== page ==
– Life: raw/ unprocessed/ and un-plugged

a simpler life el pocito blog 05

I’ve been trying to come up with a succinct way of describing how it is I actually live.  Initially to stave off any more time-wasters in the soul-mate search.  But now I think it was more part of a waking-up process, from a very deep long sleep, three years and probably more.

Yesterday it suddenly became apparent.  I was in Nelson’s bar, himself was mysteriously absent, so Gabi was standing in instead, and she doesn’t know my preferences yet, so she asked what I’d like.  Café solo, I replied.  To which followed: how much water/ what size cup/ sugar or sweetner?  This is all perfectly normal here, folk take bar-time and their beverages very seriously and the bar staff respect that.  I repeated that I would like a café solo (which is an espresso), and just the coffee please, nothing else added.

The silence that fell in the room at that was profound (the making lots of noise 24/7 is very big here too).  Coffee without water?  Without sweetner?  Who is this man?

And that’s it, in a nutshell.  My life, what I now choose to drink, eat, and how I spend my time, have (over a period of time) been stripped back to the bare essentials, and the reason for that is because I want to be able to experience their pure untainted taste to the full.  No longer do I want everything done conventionally, where it is artificially flavoured or processed and you get addicted to feeling physically and emotionally sated by the end of each day, mainly because so much of the everyday is geared around money and the need to earn plenty.

Consequently my life has evolved to escape that.  For food I shop now only once a week, mainly for fresh fruit and vegetables, staples, plus the few household necessities I can escape using, and food for the cats.  It takes an average of fifteen minutes and hopefully won’t come to more than £24 in total.

I don’t eat out, by choice (unless someone else is paying).  And when I cook (which is not something anyone else should ever have to suffer) no longer use seasonings or flavourings.  It tastes just as bad without, so I would prefer at least to try and taste the seasonal differences, rather than have it all overwhelmed by the ubiquitous combination of salt/ sugar/ or vinegar.

Time is pretty much my own to use how I choose.  In theory I need to earn enough to balance out what I spend.  For this, five hours of teaching per week is sufficient.  I haven’t managed to find enough students to manage that yet (so still rely of the generous support of friends) but am always working on ways to achieve it.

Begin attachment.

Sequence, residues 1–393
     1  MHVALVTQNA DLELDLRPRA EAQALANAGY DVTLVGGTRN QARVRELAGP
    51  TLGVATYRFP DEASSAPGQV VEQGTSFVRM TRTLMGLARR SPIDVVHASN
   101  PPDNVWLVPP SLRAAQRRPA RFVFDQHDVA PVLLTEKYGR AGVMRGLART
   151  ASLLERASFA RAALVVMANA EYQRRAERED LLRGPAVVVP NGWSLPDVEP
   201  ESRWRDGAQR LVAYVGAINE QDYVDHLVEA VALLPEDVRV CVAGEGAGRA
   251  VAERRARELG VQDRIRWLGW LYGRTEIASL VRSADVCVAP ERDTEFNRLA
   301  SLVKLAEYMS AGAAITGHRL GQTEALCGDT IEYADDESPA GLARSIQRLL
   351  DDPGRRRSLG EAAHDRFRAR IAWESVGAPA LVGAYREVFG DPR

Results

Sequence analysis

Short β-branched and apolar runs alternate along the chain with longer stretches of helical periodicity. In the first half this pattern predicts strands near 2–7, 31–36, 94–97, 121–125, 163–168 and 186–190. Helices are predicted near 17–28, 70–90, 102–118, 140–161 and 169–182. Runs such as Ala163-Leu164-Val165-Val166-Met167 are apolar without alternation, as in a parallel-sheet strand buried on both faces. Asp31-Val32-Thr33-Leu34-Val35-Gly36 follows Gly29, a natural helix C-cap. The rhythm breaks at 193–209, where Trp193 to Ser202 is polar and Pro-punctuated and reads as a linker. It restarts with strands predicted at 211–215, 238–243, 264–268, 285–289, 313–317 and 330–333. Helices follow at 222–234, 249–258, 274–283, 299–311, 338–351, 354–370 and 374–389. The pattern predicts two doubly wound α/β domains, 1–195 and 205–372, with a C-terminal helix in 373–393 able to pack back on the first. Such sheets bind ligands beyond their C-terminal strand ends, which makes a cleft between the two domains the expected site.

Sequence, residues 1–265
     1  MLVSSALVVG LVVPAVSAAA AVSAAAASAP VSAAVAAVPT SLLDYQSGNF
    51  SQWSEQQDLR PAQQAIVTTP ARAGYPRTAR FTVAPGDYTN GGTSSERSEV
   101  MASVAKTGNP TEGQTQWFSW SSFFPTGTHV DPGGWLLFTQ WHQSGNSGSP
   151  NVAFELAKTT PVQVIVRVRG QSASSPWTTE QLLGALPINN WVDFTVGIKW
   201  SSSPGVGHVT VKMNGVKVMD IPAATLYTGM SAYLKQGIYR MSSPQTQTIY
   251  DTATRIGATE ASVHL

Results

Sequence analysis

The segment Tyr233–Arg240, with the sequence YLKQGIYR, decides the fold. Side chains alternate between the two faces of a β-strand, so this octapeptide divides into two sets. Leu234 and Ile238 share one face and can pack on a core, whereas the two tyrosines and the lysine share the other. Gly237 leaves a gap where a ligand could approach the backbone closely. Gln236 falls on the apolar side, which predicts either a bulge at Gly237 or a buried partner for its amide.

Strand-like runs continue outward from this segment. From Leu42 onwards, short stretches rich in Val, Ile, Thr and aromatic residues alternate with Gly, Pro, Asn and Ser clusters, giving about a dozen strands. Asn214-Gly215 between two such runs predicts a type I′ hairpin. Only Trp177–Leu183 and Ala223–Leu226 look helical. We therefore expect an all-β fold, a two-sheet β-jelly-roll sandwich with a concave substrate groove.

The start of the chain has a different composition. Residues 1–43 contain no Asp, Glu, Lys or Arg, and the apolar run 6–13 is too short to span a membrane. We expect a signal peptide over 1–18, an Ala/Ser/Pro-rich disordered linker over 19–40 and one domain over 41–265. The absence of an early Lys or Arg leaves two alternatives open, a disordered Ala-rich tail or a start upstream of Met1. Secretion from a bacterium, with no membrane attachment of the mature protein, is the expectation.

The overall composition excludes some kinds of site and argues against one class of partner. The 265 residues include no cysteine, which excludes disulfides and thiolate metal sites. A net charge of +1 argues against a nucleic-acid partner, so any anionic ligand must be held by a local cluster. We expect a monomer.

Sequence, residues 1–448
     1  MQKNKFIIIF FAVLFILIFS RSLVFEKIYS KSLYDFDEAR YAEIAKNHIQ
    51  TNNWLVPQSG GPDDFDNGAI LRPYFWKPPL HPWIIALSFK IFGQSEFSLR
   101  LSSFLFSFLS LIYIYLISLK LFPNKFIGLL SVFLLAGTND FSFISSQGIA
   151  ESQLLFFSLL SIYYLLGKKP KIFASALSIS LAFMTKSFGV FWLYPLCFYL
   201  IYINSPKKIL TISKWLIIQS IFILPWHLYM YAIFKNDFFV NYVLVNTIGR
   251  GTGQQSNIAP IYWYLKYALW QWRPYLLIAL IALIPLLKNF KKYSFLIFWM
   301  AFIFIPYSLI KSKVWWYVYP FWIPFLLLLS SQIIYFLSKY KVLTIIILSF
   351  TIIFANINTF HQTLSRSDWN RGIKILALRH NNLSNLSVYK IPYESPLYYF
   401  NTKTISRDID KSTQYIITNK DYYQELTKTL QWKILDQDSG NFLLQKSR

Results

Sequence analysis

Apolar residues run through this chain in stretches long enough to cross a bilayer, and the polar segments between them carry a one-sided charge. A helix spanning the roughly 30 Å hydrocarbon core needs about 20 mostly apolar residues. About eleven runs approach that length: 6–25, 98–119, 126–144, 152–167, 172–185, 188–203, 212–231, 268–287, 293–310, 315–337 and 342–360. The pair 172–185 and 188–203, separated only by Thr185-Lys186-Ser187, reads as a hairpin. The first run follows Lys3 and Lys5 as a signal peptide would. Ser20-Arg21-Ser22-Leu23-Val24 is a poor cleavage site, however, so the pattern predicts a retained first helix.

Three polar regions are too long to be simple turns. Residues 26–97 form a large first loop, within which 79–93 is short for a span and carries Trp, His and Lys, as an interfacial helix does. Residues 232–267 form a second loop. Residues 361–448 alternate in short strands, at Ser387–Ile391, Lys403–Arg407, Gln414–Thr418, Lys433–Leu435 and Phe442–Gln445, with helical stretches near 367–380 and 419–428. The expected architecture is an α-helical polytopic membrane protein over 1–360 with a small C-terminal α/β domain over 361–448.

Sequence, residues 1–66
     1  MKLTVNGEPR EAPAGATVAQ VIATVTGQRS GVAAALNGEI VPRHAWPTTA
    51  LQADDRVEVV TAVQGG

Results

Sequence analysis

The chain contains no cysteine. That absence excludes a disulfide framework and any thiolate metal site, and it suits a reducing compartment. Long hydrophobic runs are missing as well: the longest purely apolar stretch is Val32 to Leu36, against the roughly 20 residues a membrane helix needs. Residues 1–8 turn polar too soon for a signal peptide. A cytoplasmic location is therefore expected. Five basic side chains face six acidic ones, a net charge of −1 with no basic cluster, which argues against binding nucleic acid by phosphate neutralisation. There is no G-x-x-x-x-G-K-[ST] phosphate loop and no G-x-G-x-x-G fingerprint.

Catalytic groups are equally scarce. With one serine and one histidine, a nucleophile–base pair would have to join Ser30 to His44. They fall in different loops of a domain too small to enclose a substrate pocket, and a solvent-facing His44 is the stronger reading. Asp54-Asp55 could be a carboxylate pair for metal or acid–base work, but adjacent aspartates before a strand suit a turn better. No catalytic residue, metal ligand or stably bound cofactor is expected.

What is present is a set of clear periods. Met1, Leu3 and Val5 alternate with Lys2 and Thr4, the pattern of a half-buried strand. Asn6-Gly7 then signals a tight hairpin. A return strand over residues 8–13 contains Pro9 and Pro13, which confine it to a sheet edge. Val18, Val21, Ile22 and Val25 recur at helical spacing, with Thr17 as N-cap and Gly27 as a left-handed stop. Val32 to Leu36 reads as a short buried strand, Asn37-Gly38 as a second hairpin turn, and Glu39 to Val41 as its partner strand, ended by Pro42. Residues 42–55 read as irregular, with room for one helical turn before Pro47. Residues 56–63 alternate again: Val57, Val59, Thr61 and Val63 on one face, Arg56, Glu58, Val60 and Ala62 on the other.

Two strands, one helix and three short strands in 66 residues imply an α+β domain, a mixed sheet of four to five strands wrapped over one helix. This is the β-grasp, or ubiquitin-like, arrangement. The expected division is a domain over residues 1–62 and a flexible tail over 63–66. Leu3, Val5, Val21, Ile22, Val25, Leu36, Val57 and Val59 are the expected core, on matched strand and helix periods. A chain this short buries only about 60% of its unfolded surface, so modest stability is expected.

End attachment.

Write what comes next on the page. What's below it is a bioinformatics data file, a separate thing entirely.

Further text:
I don’t have (or wish for) a tv or internet access, so there’s no temptation to let things slide and others entertain/ brainwash me, I am quite capable of doing that myself.

Nor do I have any desire to buy into any other kind of vicarious experience, so don’t travel or indulge in lifestyles.

In short what I have sounds like a pretty bleak existence, but it isn’t at all.  The thing that made life special with Maureen (for 35 years) is that we approached each day with the aim of having as much fun as possible and be creative, using only what we had to hand.  That way life costs nothing and every day becomes an adventure.  I’d forgotten all about how it used to be, numbed by Maureen’s illness then death, but now I want to start enjoying life like that again.  Watch this space for developments.


  1. Nick Jankowski said:

    Thank you, Phil, for this reflection, which arrives on the birthday of my now 34-year-old son. I’ve read most of your postings over the years. I’ve often thought of writing and even thought of visiting and meeting you. Whether that happens I wish you well in a life unprocessed and unplugged.

  2. Diane said:

    Thanks Phil, I admire your perseverance and honesty in how you choose to live your life, I enjoy reading your blogs & look forward to the next one, take each day as it comes with much love & light Diane 🙂

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